Contemporary medical journals contain relatively few studies of cannabis as a pain cessation treatment, and clinical use of cannabis is not yet widely taught. Ivker reviews the available literature, augmenting the data with observations of thousands of patients at his Boulder, CO practice. The result is an authoritative set of best practice recommendations for patients and practitioners alike.
He provides detailed step-by-step instructions on using various forms of cannabis to treat specific physical and emotional pain conditions. With chapters devoted to inflammation, musculoskeletal pain, and neuropathic pain, the book serves as a manual for tailoring cannabis use to meet patients’ unique needs. It teaches readers how to create personalized cannabis treatment plans that address different manifestations of chronic pain, including marijuana strain, formulation, and delivery method suggestions.Ivker also discusses the various marijuana products pain sufferers might add to their “cannabis medicine chest.” With over 80 identified cannabinoid compounds available in varying forms and combinations across nine different consumption categories, choosing the best cannabis product to effectively quell pain can be challenging. Some treatment methods provide greater pain relief than others, so finding the right combination of cannabinoid concentrations and products is key to maximizing marijuana’s benefits, he says.
But Ivker stresses that cannabis alone is only part of the therapeutic equation. It should not be used in isolation, but rather as part of a broader integrative regimen that addresses the multiple physical, emotional, and social drivers of chronic pain.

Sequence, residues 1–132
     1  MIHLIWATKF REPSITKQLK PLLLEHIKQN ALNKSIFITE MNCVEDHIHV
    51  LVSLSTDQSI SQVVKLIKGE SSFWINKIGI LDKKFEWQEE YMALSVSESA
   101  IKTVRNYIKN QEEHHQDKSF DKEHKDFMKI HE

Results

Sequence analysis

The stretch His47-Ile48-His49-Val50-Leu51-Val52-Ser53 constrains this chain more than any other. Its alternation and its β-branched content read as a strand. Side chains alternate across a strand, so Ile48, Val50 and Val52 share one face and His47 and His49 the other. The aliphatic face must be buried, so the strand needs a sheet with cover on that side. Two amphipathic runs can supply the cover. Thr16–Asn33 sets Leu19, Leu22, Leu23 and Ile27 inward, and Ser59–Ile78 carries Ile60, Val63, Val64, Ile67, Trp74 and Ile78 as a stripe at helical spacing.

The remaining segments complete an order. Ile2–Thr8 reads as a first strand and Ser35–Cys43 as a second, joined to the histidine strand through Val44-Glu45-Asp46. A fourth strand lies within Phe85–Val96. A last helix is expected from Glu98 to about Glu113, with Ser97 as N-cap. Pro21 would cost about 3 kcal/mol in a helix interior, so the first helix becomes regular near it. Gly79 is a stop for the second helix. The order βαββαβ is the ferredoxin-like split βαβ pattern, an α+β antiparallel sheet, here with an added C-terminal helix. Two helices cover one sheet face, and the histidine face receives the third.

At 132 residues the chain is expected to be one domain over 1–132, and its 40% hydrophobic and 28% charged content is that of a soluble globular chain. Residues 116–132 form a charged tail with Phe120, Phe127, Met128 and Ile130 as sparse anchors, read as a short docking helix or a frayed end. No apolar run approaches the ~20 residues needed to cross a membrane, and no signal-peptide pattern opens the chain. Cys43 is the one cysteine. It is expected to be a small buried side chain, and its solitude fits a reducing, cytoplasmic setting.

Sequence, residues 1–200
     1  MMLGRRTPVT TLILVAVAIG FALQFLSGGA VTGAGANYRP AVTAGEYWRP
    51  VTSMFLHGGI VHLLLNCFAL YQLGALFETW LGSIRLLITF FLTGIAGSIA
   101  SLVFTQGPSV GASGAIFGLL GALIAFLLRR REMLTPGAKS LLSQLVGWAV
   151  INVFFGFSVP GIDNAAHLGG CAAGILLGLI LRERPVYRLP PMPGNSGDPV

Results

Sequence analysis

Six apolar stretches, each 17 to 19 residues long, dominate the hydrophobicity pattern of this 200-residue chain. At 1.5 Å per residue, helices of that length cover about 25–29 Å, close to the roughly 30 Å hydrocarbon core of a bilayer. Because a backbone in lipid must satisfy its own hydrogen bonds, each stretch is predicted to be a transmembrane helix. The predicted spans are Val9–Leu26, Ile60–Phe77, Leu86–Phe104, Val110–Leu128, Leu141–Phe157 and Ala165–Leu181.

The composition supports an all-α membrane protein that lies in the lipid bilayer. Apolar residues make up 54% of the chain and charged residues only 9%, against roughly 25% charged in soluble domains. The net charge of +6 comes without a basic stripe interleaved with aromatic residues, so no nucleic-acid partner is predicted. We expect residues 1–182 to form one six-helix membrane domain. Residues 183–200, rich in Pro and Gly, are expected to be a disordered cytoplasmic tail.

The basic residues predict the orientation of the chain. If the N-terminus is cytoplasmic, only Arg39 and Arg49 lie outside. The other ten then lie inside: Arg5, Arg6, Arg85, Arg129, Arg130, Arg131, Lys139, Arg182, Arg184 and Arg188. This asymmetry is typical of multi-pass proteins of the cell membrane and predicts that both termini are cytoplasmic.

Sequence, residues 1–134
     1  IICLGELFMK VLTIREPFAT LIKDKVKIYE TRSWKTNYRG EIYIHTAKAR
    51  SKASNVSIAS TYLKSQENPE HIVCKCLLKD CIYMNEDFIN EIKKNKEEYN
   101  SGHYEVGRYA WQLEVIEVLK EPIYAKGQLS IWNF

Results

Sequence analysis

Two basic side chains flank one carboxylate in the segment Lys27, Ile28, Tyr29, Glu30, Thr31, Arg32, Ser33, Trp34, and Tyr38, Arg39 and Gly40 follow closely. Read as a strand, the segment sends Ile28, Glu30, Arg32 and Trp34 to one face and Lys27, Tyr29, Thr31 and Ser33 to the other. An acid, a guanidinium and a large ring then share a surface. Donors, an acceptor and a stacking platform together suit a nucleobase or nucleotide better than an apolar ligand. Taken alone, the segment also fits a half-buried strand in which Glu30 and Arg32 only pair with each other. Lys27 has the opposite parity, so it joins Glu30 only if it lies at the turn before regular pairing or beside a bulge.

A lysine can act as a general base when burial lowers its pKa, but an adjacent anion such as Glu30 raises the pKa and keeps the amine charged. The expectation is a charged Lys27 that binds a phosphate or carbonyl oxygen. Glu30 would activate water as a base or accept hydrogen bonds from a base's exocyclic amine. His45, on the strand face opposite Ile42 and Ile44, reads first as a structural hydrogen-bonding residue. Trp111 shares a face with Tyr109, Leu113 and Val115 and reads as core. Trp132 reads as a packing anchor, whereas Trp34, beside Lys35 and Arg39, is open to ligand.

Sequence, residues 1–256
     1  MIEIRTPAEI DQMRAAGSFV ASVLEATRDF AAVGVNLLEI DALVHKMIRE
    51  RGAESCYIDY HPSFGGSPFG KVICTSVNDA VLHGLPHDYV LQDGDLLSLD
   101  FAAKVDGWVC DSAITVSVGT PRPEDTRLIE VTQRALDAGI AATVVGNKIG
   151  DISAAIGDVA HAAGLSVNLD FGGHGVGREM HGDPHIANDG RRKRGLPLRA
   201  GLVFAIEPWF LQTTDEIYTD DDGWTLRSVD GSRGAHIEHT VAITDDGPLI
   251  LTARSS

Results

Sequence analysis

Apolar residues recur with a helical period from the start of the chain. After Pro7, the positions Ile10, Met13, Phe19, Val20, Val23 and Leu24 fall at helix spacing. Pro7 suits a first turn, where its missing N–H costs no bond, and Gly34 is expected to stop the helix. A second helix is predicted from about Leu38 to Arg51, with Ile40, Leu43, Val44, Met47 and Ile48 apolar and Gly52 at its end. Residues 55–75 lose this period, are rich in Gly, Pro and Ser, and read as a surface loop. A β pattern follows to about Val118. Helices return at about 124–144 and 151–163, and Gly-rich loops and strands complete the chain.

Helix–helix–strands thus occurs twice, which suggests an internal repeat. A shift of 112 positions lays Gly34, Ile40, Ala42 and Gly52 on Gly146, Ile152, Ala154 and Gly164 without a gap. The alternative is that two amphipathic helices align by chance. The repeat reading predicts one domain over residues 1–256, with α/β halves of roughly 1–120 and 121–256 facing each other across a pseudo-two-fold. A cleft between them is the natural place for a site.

From a mind-body-spirit perspective, he recommends dietary changes, herbal and nutritional supplement use, and physical health practices that patients can combine with marijuana to enhance overall wellbeing.
Apart from teaching readers how to use cannabis for pain relief, it is clear that Ivker too aims to dispel some of the many misconceptions surrounding marijuana. This herb had a long history of fully legal medicinal use throughout most of American history. It is only relatively recently that it was deemed a “dangerous” substance.
But a new age of acceptance is dawning — medical marijuana is now legalized in more than half the states in the country, and the number of patients using cannabis as medicine increases annually. Legal cannabis is now a multi-billion dollar industry in the US. Physician attitudes are also changing: Holistic Primary Care’s 2018 practitioner survey indicates that more than half (56%) of the 469 respondents believe CBD and cannabis have therapeutic value and should be used more widely.
Ivker believes that no other medicinal herb or prescription drug possesses the breadth of therapeutic applications that cannabis does. Well aware of the upsurge in acceptance and popularity, not to mention its high financial value, even the pharmaceutical industry now wants a piece of the pot pie. Last summer, the FDA approved the first cannabis-derived medication, GW Pharmaceuticals’ Epidiolex, for the treatment of two rare forms of epilepsy.
While the future of federal cannabis regulation is still uncertain, the plant’s health benefits offer great hope to countless pain sufferers. As Ivker points out, for physicians whose best advice to chronic pain patients is “you’ll have to learn to live with it,” cannabis provides a very viable alternative approach. Cannabis for Chronic Pain is a useful reference for seasoned cannabis clinicians and the canna-curious alike.